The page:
The Virgil Exner era was in its twilight at Chrysler in 1961.
The fin era had come and gone and with it went Exner’s legacy.
The ’61 Chrysler lineup was an acquired taste for many buyers but the ones who did buy them were hardcore Mopar customers.
Bob Pearson has owned his ’61 Fury for 30 years but like many people he’s not a fan of the car’s looks—it’s the family history behind it that really matters.
Bob’s father-in-law bought the car in ’62 off a car lot. The car was sold new in Red Deer, Alberta and Bob’s mother-in-law drove it most of the time until 1971 when the transmission went on the car. His father-in-law parked it in a shed until 1987.
Bob was helping him clean out the building and he uncovered the car—it was a complete surprise because Bob had married into the family five years earlier and he didn’t even know the car existed. His father-in-law sold it to him for “100 bucks”.
Bob said he “got it running—the engine was stuck but it broke loose and got some compression” so he drove it for two summers until 1989 but he did paint it Nassau White in 1988. The car went on an extended hibernation after that until fall 2016. Bob brought it home and said he “rebuilt everything” on the car—no detail was left untouched.
He did everything in the front end from bushings to wheel cylinders, brakes and rear end. The transmission was done with NOS parts.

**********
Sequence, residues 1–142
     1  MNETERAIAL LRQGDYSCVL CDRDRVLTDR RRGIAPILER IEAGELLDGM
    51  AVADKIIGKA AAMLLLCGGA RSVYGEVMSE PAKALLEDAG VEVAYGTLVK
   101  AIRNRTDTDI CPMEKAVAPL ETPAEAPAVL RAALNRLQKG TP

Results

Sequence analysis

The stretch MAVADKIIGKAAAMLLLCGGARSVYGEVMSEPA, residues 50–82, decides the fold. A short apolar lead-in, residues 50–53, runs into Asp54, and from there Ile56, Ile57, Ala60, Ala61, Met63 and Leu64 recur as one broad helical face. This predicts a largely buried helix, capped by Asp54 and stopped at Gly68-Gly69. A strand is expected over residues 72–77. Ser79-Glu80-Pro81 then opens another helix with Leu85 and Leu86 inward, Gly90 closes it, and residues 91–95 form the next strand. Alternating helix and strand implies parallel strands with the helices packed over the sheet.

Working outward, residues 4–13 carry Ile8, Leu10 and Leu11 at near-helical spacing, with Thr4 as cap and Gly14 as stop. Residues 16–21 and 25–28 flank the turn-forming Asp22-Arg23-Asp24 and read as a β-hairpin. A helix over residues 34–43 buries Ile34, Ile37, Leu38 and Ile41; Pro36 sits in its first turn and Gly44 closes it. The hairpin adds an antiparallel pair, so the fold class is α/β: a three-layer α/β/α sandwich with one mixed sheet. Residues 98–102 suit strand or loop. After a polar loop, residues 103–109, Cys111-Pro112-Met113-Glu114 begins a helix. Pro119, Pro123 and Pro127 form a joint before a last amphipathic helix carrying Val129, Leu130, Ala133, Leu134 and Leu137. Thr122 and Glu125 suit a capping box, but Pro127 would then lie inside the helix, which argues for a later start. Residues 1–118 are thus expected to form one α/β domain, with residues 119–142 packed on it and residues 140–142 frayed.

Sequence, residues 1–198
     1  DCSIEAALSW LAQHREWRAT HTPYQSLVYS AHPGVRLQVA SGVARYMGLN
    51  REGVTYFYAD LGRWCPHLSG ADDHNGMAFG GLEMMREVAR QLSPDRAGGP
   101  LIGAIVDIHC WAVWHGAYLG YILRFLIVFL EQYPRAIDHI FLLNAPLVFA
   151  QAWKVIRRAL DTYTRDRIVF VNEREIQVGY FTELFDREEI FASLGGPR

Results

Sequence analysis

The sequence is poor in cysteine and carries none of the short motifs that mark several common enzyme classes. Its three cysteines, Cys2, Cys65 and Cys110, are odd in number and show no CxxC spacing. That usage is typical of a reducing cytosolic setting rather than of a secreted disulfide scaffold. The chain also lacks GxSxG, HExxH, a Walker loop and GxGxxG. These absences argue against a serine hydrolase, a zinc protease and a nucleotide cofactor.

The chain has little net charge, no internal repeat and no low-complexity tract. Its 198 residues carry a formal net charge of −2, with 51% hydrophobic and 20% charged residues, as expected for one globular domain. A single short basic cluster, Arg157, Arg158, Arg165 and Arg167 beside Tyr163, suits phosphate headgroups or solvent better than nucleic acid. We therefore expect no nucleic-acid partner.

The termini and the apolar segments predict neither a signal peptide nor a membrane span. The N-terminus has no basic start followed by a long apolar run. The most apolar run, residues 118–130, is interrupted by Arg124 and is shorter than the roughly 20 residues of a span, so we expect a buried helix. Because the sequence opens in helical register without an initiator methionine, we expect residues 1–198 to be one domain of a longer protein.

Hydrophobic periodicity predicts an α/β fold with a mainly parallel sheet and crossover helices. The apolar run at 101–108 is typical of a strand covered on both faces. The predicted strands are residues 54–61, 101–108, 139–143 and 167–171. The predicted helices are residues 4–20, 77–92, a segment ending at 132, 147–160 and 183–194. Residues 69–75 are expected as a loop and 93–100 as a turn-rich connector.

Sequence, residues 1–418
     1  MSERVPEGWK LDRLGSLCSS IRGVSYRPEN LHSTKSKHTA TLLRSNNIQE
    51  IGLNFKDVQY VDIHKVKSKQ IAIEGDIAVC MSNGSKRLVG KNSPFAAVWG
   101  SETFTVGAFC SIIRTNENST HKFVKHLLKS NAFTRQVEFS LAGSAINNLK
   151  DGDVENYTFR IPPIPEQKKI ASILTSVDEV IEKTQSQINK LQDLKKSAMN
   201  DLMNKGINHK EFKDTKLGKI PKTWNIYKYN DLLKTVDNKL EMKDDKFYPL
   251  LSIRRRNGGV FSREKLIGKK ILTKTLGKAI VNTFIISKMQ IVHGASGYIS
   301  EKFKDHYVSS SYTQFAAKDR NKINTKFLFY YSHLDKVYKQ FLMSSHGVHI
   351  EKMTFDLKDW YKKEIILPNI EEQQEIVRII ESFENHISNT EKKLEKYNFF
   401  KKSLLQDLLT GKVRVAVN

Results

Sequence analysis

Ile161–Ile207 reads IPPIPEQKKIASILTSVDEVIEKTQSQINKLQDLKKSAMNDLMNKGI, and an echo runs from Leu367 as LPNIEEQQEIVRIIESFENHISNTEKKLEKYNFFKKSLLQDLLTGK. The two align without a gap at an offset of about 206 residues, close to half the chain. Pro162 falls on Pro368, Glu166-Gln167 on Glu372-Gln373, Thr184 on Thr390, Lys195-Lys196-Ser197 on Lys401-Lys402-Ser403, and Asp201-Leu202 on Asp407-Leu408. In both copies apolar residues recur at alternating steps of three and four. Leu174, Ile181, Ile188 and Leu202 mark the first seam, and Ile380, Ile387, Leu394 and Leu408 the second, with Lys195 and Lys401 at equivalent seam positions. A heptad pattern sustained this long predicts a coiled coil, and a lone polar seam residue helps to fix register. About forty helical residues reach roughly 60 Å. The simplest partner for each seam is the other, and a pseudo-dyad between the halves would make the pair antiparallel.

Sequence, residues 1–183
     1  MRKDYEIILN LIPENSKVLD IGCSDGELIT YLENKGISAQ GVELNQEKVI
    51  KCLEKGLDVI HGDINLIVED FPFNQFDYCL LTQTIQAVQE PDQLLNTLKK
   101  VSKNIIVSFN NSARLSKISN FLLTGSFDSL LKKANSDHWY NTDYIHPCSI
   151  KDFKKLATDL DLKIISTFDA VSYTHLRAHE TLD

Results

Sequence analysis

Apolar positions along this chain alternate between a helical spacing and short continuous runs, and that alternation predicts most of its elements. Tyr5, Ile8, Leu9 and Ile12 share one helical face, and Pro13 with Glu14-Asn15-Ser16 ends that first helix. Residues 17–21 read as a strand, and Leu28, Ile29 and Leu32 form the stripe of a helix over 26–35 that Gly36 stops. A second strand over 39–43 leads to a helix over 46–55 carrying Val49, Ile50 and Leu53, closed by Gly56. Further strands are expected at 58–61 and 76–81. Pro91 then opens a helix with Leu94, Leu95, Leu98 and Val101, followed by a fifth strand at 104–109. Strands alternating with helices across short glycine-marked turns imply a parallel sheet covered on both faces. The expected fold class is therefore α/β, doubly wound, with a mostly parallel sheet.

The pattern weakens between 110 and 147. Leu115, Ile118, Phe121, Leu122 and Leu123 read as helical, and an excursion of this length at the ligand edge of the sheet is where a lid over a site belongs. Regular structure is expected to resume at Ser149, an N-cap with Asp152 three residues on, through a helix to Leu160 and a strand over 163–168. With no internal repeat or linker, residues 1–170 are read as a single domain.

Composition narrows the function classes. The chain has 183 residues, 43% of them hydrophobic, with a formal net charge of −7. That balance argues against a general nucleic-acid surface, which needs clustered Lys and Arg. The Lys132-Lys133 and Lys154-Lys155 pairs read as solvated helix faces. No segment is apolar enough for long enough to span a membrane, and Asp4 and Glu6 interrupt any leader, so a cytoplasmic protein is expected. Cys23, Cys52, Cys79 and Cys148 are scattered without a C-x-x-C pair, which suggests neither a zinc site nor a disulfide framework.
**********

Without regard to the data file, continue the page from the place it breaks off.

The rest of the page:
Bob had a huge job removing the mouse infestation so he took it down to metal and bleached every inch of the interior. He had the seats and carpets done to factory specs and installed the headliner himself after many painstaking hours.
There’s a new gas tank in the Fury plus Bob added an electric fuel pump and new lines. The 318 poly was completely re-worked and now the Plymouth has an alternator instead of a generator but Bob kept the points instead of upgrading to an electronic system. Bob kept the AM radio but he’s installed a new AM/FM CD system in his ‘61 Fury.
Bob put 1200 hours into his Fury at this point and he’s very happy with the results so now it’s on the road. He went to renew his registration and the clerk wondered why he “waited so long” because there was a huge gap between 1989 and 2016.
He said the car “drives like a dream” even without power steering or brakes but Bob said it “really doesn’t need them”. The upgrade to 15-inch wheels is a plus for the handling because it “runs down the street straight as an arrow”. Bob gets decent mileage in his Fury – “about 300 miles to a tank” so the poly 318 is running at a high level. Bob admitted he had a little vapor lock after a run on a hot day so he’s going to address that issue via a new carb or some modifications to his fuel delivery system but the heat gauge never moves so he’s happy about his cooling system.
Bob’s son helped him out on the Fury so he’s “probably going to take it over” at some point but for now Bob just wants to “bomb around in it for awhile”.
Family legacy cars take decades before they change hands.
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